A Focus on Thinking
This year I wanted to allow my Pre-K students to explore technology in a way that they hadn’t before, by taking it apart. I asked my school’s IT department to save me a few old machines that were no longer in use the summer before this school year began. Before beginning the journey with my students, I thought about what types of thinking I wanted the children to get out of the experience. Here are the ideas I outlined:
- To be able to observe and describe things they saw, noticed, or felt (with some links to curricular learning such as colors and shapes)
- To make comparisons and ask questions about what they discovered or observed
- To learn about the functions of major parts of a computer
Inquiry can happen in a multitude of ways, it can be structured, guided, student-led, etc. In this instance, I felt that having some guidance and structure would help my young learners reach these thinking goals.
Setup and Structure
I only have 30 minutes with my Pre-K classes and I rarely do whole group activities. Instead, I pull small groups of 4-5 students so I can focus my attention on the students that are with me as well as provide facilitation as needed. For this particular activity, I only had each group for about 15 minutes which meant it took me two 30-minute lessons to get through the entire class. As each small group rotated through the first round, they took the computer apart a little at a time and made observations. All I really needed for this were some screwdrivers. Students shared observations, wondered about functions of parts they saw, and made predictions. Here are a few initial posts on Seesaw about what they were noticing:
Sorting and Connecting
In the second round, the computer had already been entirely taken apart, so I wanted students to begin making connections by thinking about how to sort these parts into groups. It just so happened that the Pre-K classes were learning about colors, so many students chose to sort the various parts according to the colors they saw. Some parts had more than one color so they needed to justify why they placed it within a particular group.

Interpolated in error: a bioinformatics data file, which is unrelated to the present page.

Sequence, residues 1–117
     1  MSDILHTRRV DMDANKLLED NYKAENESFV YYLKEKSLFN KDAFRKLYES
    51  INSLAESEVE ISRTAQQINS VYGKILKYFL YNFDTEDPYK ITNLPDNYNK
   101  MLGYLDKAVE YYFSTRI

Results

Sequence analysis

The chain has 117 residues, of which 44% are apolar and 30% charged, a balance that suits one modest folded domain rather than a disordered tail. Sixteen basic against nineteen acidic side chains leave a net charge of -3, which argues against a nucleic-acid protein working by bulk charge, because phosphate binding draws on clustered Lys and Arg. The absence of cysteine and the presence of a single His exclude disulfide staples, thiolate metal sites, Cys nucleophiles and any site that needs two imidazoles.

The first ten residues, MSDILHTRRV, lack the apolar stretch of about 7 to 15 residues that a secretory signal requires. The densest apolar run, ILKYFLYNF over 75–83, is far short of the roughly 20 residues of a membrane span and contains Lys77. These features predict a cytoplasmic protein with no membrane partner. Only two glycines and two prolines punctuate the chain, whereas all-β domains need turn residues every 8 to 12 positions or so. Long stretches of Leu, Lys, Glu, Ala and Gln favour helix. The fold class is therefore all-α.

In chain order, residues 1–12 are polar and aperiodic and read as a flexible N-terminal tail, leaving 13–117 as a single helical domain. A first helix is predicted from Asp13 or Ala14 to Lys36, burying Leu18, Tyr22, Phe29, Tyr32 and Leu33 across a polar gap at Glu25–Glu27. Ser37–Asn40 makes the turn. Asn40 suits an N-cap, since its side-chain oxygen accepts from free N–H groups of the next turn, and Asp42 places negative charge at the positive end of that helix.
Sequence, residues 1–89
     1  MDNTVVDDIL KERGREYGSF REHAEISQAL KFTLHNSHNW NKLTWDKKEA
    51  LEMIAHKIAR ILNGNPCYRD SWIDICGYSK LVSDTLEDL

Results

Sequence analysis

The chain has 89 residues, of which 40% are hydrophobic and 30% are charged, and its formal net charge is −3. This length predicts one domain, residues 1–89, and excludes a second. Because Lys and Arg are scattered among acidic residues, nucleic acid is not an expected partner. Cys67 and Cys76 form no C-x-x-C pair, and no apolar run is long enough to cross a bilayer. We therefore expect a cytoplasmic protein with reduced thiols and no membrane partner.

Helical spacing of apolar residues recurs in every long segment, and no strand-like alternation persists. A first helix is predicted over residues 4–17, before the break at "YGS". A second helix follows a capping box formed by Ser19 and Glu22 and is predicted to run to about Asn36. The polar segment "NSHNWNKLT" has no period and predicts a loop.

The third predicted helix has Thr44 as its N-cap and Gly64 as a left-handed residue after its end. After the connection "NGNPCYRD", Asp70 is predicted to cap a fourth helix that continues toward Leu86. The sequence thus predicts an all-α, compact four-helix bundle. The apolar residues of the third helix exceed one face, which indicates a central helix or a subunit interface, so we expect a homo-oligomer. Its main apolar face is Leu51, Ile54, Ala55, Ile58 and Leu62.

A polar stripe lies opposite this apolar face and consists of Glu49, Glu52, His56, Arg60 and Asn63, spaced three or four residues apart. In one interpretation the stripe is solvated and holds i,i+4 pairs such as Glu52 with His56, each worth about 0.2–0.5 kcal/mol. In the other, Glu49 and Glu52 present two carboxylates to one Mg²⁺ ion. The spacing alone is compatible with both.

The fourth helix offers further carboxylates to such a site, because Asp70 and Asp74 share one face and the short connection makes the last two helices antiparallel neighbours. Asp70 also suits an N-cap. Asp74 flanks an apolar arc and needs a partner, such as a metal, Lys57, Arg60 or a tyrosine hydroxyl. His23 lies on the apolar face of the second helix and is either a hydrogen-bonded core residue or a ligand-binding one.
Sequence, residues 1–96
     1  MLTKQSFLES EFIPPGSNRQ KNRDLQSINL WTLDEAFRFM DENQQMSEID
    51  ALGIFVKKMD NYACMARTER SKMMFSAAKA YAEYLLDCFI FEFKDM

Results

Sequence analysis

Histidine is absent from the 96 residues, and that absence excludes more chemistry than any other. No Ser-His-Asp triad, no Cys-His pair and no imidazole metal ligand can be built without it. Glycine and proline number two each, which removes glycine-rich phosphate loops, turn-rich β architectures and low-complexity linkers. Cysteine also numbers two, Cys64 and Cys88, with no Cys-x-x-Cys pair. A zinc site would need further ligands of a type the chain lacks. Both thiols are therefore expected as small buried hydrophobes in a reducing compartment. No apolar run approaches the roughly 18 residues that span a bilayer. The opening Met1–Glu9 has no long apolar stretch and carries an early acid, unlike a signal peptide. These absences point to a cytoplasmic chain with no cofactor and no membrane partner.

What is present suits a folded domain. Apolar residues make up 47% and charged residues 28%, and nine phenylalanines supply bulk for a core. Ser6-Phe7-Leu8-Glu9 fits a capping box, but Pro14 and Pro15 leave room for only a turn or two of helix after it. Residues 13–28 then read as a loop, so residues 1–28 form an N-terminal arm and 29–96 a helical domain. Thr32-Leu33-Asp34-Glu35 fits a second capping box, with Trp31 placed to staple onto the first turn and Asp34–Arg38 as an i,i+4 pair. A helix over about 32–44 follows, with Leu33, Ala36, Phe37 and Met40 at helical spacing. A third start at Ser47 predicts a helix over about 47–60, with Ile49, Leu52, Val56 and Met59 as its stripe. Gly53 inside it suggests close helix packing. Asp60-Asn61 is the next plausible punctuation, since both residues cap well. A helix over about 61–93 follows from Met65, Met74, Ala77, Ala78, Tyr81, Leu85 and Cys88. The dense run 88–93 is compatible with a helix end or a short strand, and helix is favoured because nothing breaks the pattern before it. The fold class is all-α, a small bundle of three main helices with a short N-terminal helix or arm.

The Body Metaphor
Once everything was taken apart, I actually had to consult with our Associate Director of IT to make sure I had all the parts straight. Luckily he has a daughter in Pre-K so we invited him in to her class as our expert! In this final stage, I wanted students to compare the various parts of a computer to a part of our own bodies. Equipped with an outline of one of my students on butcher paper and printouts of various body parts and items, we inquired into which parts of the computer would most likely match parts or aspects of our body. There was only one thing that wasn’t related to a body part which was the fan. We discussed that it was a tool to help our bodies stay cool when we feel very warm. The following were used as connections:
Brain – Motherboard/Hard Drive (controls other parts and stores memory)
Face – Screen (how we can see or understand what the computer is thinking/doing)
Mouth – Wires (various parts talk to each other)
Hand – Trackpad/Mouse (how we move things on the screen)
Hand with a pencil – Keyboard (how we write words and symbols)
Lightning bolt (energy) – Battery (we eat food to gain energy, a battery needs to be charged with electricity to maintain energy)
Fan – Fan (to cool)
Outer shell/Case – Skeleton/Bones (protects all the parts and holds things together)
There were many other pieces to the computer but we felt that these were the key parts that our young students could relate most to. When we were done each student got to choose their favorite part and talk about what they now knew about that part of the computer.
Overall, I’m really excited to continue exploring other things with my Pre-K students by taking them apart! I’ve got two wall clocks just waiting to be opened up 😉